Quality indicator set for cardiac rehabilitation per study arm
Specialized education for patients with chronic heart failure
Complete data collection during needs assessment for rehabilitation (concerning psychological and social functioning, and lifestyle factors)
(Patient education, quality of life, and lifestyle change therapy [ex. physical activity])
Patients receive a discharge letter to stimulate continuation of lifestyle changes at home
Patients quit smoking
Patients improved their quality of life during rehabilitation
Complete data collection during needs assessment for rehabilitation (concerning physical functioning and, cardiovascular risk factors)
(Exercise training and physical activity, relaxation and stress management, cardiovascular risk factors, and work resumption)
Cardiovascular risk factors are evaluated after rehabilitation
Patients improve their exercise capacity during rehabilitation
Patients meet the physical activity norms
Amount of time needed to start resumption of work
A and B
Rehab professionals work with a multidisciplinary patient record
Long-term patient outcomes are assessed
Patients participate in patient satisfaction research
Clinics perform internal evaluations and quality improvement
Average time between hospital discharge and start of rehabilitation
Patients are offered a rehabilitation program tailored to their needs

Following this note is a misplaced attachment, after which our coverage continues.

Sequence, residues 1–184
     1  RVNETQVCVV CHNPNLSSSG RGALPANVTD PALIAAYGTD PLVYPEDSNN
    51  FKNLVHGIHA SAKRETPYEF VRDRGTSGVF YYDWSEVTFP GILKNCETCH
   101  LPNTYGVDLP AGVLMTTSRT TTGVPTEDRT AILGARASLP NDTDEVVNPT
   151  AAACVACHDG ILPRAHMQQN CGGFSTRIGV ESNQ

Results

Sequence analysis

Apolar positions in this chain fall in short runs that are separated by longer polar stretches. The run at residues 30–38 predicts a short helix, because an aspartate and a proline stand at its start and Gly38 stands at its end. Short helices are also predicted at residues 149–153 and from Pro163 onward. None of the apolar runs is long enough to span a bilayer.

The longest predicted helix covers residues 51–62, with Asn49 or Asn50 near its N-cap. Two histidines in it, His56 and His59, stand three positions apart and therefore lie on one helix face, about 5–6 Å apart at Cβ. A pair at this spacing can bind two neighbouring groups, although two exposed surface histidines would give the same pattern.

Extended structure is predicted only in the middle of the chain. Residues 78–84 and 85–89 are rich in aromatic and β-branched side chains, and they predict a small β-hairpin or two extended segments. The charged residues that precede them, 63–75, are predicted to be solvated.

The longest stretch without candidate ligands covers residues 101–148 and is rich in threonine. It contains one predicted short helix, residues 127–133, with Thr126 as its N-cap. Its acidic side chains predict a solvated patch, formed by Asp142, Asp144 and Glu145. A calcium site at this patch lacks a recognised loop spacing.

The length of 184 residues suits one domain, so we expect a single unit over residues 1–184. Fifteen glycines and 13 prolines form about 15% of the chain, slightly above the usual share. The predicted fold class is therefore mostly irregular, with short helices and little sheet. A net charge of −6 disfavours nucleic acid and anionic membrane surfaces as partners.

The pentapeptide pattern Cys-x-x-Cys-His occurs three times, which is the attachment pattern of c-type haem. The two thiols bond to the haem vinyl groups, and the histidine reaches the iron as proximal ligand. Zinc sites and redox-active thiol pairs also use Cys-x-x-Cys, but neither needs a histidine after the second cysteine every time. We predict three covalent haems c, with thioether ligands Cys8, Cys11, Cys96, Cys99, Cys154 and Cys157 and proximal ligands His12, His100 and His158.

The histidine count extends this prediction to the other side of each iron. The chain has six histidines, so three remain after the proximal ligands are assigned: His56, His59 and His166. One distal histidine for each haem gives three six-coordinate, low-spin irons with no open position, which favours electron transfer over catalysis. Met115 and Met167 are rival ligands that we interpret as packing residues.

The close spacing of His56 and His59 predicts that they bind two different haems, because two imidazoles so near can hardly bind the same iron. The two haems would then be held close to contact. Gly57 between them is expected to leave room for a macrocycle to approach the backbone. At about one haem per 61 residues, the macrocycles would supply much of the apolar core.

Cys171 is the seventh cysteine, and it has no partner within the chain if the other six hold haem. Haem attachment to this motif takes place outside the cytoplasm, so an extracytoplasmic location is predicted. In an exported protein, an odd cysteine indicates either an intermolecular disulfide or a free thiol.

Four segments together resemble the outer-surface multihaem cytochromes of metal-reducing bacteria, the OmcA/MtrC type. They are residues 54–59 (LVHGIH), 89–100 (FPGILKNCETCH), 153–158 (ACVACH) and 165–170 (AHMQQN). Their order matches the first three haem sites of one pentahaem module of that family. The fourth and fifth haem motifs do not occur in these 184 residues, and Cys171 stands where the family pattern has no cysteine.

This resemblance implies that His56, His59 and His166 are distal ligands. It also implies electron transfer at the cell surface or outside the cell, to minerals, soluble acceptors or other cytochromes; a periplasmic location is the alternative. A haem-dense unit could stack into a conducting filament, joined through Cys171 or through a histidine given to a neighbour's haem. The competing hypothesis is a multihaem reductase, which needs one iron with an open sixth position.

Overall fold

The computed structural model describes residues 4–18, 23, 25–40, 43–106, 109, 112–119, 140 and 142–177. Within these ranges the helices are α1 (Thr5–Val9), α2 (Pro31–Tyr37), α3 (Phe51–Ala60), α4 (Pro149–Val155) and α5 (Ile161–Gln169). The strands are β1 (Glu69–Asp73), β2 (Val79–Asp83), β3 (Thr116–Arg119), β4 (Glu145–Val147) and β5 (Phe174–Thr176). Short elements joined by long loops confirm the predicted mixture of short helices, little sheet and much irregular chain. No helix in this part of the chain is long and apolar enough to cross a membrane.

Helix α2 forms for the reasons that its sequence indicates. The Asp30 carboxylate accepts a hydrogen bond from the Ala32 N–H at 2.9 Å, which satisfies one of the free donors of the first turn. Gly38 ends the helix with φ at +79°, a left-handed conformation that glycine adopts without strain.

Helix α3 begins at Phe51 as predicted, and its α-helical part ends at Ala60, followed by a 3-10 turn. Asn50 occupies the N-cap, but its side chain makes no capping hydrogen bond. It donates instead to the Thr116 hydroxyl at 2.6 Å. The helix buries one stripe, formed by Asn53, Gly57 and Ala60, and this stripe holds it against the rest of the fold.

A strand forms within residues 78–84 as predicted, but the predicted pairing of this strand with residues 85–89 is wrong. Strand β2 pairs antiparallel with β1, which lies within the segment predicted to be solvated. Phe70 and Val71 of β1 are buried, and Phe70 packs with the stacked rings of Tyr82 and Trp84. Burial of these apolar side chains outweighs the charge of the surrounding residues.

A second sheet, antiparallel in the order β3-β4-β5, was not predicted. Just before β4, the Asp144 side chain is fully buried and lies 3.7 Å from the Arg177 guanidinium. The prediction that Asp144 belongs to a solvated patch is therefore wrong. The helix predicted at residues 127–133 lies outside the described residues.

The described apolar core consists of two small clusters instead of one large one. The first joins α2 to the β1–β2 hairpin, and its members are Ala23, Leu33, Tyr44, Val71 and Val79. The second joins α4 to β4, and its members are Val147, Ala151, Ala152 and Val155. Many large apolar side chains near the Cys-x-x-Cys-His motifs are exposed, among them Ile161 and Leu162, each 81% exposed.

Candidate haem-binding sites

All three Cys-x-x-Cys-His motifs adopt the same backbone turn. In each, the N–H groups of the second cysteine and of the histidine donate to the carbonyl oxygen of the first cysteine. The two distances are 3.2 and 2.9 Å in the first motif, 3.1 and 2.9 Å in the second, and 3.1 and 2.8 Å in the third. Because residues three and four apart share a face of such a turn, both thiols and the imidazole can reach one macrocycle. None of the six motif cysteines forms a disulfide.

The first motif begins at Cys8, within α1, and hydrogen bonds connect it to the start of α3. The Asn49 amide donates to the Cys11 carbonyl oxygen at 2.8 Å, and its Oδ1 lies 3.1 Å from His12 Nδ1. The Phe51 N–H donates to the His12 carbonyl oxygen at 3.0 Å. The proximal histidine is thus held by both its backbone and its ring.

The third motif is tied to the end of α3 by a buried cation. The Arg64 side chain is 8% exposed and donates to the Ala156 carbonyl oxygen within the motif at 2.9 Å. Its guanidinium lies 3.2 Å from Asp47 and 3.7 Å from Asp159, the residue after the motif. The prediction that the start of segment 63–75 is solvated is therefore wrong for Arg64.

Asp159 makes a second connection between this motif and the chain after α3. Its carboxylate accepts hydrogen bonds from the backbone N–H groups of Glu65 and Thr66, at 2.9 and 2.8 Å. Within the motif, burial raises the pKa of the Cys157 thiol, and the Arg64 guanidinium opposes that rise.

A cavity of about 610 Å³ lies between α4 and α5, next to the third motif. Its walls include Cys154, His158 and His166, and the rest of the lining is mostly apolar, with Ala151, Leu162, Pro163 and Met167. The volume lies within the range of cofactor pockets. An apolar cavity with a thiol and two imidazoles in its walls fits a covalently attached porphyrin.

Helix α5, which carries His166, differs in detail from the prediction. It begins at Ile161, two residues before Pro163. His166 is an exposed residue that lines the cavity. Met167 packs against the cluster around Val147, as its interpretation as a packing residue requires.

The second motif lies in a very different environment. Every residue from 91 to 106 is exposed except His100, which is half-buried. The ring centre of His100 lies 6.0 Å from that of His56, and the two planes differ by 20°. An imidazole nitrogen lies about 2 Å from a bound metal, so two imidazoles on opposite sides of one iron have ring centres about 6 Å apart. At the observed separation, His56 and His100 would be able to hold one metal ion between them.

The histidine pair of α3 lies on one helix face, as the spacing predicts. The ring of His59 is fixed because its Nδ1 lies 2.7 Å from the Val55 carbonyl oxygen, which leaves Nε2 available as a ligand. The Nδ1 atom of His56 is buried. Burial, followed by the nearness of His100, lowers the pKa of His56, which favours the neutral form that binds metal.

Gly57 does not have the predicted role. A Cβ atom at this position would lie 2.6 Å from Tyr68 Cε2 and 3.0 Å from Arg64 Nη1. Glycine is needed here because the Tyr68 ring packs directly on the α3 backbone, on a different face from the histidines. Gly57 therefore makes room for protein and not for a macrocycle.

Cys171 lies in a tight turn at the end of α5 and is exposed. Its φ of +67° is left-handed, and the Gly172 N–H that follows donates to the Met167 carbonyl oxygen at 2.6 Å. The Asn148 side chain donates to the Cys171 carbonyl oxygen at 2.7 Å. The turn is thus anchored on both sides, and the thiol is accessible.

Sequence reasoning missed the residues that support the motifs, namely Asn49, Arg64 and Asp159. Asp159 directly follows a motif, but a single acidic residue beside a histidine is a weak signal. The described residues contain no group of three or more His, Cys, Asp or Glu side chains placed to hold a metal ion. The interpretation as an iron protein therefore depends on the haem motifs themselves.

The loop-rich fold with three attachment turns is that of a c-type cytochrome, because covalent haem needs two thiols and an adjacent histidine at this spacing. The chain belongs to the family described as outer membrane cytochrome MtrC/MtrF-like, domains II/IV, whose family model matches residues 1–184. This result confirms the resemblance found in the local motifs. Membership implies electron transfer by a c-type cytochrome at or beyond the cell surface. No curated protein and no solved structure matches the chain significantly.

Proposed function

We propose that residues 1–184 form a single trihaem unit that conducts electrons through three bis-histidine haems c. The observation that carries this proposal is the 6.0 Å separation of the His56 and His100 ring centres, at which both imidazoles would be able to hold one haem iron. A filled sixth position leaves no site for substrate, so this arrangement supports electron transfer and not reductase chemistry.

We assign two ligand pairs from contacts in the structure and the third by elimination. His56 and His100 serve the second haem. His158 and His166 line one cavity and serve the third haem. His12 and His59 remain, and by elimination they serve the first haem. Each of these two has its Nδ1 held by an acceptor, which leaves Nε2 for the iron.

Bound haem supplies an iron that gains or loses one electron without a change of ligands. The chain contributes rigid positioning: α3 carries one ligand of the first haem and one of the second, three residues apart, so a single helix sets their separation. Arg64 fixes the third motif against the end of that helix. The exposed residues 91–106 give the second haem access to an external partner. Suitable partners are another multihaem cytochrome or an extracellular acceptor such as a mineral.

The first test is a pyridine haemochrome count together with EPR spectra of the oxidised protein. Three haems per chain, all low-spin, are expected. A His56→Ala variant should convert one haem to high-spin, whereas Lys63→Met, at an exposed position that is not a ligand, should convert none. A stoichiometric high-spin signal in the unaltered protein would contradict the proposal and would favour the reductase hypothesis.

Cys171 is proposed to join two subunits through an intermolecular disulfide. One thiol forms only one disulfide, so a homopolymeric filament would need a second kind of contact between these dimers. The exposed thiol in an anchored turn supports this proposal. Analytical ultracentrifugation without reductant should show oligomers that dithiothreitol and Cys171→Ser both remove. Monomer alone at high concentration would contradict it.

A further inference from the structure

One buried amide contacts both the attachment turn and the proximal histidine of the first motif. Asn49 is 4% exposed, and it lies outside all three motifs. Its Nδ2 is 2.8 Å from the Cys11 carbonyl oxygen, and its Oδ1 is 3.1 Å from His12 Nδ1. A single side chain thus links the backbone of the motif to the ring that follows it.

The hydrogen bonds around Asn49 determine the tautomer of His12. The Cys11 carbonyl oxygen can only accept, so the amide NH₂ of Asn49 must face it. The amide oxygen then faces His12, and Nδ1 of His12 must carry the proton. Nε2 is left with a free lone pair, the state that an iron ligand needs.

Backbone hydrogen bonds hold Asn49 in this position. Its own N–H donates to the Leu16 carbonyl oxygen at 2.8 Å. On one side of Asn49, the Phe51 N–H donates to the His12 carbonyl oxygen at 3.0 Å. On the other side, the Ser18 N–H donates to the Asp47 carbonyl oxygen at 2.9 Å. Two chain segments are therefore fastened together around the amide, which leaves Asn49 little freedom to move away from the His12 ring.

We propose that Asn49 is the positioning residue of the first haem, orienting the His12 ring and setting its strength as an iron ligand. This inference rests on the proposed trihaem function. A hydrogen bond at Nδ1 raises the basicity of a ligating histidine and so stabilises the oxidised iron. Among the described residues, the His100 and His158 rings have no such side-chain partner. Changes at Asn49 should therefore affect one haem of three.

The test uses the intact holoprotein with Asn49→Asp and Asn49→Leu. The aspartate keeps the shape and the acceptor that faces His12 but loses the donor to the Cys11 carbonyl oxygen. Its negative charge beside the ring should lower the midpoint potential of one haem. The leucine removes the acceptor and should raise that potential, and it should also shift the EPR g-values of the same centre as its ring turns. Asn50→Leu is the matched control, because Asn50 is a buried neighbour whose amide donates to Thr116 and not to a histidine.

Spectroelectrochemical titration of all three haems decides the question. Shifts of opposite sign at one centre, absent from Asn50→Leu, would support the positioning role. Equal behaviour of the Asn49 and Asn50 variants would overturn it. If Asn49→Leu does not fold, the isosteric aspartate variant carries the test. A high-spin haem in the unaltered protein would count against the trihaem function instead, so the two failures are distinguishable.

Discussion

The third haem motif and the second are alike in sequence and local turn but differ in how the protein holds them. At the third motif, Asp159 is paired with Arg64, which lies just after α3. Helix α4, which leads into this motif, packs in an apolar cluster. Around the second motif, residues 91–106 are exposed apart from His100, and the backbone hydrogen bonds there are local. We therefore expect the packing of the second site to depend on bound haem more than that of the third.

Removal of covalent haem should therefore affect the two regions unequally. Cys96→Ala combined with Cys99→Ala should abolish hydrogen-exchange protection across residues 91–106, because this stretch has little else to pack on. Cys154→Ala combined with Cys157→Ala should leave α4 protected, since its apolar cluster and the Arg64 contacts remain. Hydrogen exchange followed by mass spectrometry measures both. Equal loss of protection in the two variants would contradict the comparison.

Patients finish their rehabilitation program
Rehabilitation goals are evaluated afterwards
Cardiologists receive a report after the rehabilitation
The key objective of the study is to assess the effectiveness of a web-based QI system with periodic performance feedback on quality indicators for CR and educational outreach visits to multidisciplinary QI teams to overcome organizational barriers for guideline concordance in the field of CR in the Netherlands. Primary outcome will be the impact of our intervention on concordance to the national CR guidelines (concerning CR needs assessment and therapy indication procedure). Secondary outcomes are changes in performance of CR clinics measured by changes in structure, process, and outcome indicators for CR and changes in practice variation on these indicators. A qualitative process evaluation (concept-mapping methodology) will be used to assess experiences from participating CR clinics and to gain insight into factors which influence implementation of the intervention. The results of this study can be used by those involved in QI of the CR care in the Netherlands. More in general, our study results may contribute to a better understanding of factors that influence the implementation of practice guidelines and can be used to set up multifaceted guideline implementation programs in other fields of health care.
Clinical setting: cardiac rehabilitation in the Netherlands